Listen to the Baby Animals : Marion Billet

Listen to the Baby AnimalsListen to the Baby Animals by Marion Billet

My rating: 5 of 5 stars

So I need to tell you a little bit about this book that, I suspect, might appeal quite immensely to the adults amongst you who have Suffered From Noisy Book Syndrome. Come on, we all know what I mean. Those books that children adore – and rightfully so – but that you’re quite tempted to flush down the toilet after the 365th tinny repetition of ‘Jingle Bells’.

THIS BOOK HAS AN ON AND OFF SWITCH.

IT IS HIDDEN BEHIND A PANEL THAT IS ACCESSIBLE ONLY TO ADULTS AND THEIR DEXTEROUS DRIVEN BY NECESSITY AND AN URGE TO PRESERVE THEIR SANITY FINGERS.

Like, what an amazing thing is that? It’s pretty much the interactive board book equivalent of inventing the wheel and I love it, ferociously, because it’s a gesture towards the parents as much as it is to the children. This isn’t just to turn the noise off; how much of a Gandalf will you look when you turn the noise on? Clever design benefits everyone, and Nosy Crow are so on the ball with this. Immensely.

I wouldn’t be writing this fulsome review of a book based solely on a switch, brilliant as it is, because the book itself needs to stand up and be worthy of interest in its own right. I think sometimes, especially with this age group, we can rely on tricks and *jazz hands*, and the story element itself gets neglected. Luckily enough, Marion Billet has done something quite intensely charming here. It’s a simple journey through a series of scenes, each of which introduces a baby animal with their parent, and the artwork is charming. Round-edged, thick, blunt colours, and a gentle prompt for the reader to encourage interaction.

This is delightful all the way through, from Billet’s fat and thick use of colour, through to the sounds – actually real life yips from puppies and cheeps from chicks (no tinny nonsense here!). I’d also direct you to Billet’s Listen To The Birdswhich features actual recordings of nightingale song and sort of blew my mind a little bit.

I could write about board books like this forever.

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‘Roads’ in children’s books

As I’m sure you’ll know, I have a particular interest in the representation of landscape in children’s books. Landscape tells you everything, and yet it’s often one of the more forgotten elements when people talk about a book. Consider the difference between the two sentences below.

The cat sat on the mat in a field.

The cat sat on the mat in the ocean.

Two entirely, viscerally different scenarios and all of that comes from adding a little bit of context. Location. Landscape. Setting.

I’ve been thinking about roads at the moment, and in particular stories where roads form a key point of the narrative. I don’t want books where roads appear in the background or as a vague element in the illustration, I want them to be centralised within the text. Characters, if you will, in their own right.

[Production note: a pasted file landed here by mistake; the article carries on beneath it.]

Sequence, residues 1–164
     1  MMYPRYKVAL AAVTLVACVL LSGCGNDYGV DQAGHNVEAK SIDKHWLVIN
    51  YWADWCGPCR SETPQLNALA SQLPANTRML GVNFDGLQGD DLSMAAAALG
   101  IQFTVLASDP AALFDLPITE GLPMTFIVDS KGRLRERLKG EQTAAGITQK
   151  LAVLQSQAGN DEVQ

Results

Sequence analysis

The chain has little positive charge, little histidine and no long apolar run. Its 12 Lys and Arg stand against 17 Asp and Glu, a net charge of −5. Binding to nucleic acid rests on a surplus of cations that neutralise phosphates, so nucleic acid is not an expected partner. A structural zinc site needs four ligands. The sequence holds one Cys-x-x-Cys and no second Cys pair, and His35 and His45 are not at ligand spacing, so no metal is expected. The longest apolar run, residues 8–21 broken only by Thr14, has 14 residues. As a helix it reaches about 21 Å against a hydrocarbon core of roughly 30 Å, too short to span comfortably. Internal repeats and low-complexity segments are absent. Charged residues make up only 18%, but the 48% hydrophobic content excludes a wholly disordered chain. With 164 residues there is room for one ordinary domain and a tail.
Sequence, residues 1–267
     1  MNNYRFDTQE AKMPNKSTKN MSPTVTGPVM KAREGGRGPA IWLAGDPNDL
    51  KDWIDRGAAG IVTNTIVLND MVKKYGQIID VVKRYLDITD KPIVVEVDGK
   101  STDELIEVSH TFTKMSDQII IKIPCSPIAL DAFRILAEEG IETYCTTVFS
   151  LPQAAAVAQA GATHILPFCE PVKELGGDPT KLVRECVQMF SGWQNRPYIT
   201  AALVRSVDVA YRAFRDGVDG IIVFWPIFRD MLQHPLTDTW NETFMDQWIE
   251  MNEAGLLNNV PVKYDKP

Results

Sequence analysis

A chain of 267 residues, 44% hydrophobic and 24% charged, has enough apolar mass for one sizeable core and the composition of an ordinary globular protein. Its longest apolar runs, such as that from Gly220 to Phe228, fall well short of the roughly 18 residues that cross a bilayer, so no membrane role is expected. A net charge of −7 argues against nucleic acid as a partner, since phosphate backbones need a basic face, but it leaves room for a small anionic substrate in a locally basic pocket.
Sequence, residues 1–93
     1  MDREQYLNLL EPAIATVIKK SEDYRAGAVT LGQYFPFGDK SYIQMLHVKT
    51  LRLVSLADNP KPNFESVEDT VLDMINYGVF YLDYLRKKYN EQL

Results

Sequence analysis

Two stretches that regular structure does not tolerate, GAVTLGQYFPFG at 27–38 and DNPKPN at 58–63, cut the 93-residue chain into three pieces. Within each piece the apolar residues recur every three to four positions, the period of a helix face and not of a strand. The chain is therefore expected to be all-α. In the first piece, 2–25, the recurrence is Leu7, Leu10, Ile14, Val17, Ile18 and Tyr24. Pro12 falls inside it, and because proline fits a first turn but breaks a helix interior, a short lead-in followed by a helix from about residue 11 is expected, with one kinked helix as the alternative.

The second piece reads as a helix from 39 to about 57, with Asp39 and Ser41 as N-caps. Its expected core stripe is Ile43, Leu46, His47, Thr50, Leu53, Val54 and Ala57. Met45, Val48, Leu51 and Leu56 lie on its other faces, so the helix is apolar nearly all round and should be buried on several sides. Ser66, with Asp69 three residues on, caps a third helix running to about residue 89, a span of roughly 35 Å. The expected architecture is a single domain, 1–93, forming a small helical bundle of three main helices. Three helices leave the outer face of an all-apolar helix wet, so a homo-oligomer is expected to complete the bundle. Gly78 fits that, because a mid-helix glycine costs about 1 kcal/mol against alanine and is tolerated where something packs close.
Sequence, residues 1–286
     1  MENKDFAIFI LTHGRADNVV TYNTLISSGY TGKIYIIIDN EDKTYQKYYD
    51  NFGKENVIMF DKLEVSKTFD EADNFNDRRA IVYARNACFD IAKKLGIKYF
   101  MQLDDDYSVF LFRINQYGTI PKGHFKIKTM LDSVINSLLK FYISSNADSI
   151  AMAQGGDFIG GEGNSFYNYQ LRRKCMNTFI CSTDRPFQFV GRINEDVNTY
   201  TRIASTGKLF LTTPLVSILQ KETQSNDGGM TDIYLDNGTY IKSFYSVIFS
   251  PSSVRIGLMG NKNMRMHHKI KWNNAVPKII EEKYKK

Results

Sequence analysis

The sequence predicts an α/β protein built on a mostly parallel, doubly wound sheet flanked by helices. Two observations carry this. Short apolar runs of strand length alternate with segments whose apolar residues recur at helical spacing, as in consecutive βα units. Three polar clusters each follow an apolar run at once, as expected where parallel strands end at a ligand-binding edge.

So this post is essentially to ask for some help! Do you know of any children’s books – picture book through to YA – that might fit the bill? If you do, please let me know in a comment below and I’ll collate the results into a reading list . Thank you!

I Dare You : Reece Wykes

I Dare YouI Dare You by Reece Wykes

My rating: 4 of 5 stars

It’s been a while since I’ve reviewed a picture book and honestly? I get a little twitchy when I’m away from them. I get a little nervous, as though a part of me is missing and it’s a part that can only be completed by delightful endpapers and books that give you the world in a handful of words. Picture books are the buttress of our literacies and they make us who we are.

And I Dare You by Reece Wykes is rather, utterly gorgeous. It’s the tale of two bored gorillas playing a game of dares. The game starts in relatively innocuous circumstances before slowly building up as the dares became even more and more outrageous until the final dare – one which I won’t spoil for you here -is posed. It’s a beautiful and wonderfully handled moment that spirals off into somewhere delightfully suggestive in the final endpapers. (A brief note: books that give different front and back endpapers, that little bit behind the cover and before the ‘story’ itself, are perfect. These are immense spaces and Wykes uses them quite perfectly).

There’s a lot to love about this dry, dark, funny book and it comes from both the text and the imagery – as all good picture books should. Textually; there’s a dominant motif of ‘I DARE YOU…’ which begs for the exuberant chant of storytime. There’s also a useful point to be made in I Dare You about the risks of taking dares too seriously and though it’s not explicitly made (thank God), the lesson is very much there. This is one to have around to prompt conversation and to consider; and that’s something very important indeed.

Where I Dare You also shines is in the vibrancy of the art work; it’s a nicely restricted palette of muted greens and the blankness of the page that lets the colour of the two gorillas – blue and orange – sing in cntrast. The gorillas, though, my goodness. Great stylised, suggestive lines – the fluidity of their arms – as they slide subtly into greater and more outlandish dares, always subtly catching each other’s eyes and making sure that they’re noticed. Cleverness isn’t easy in picture books; quiet cleverness is even harder. These gorillas sing with skill. This book is such an unexpected, offbeat joy and the ending is perfect. It’s a lot to ask to pack so much into so little and yet I Dare You does it with spades. And Gorillas.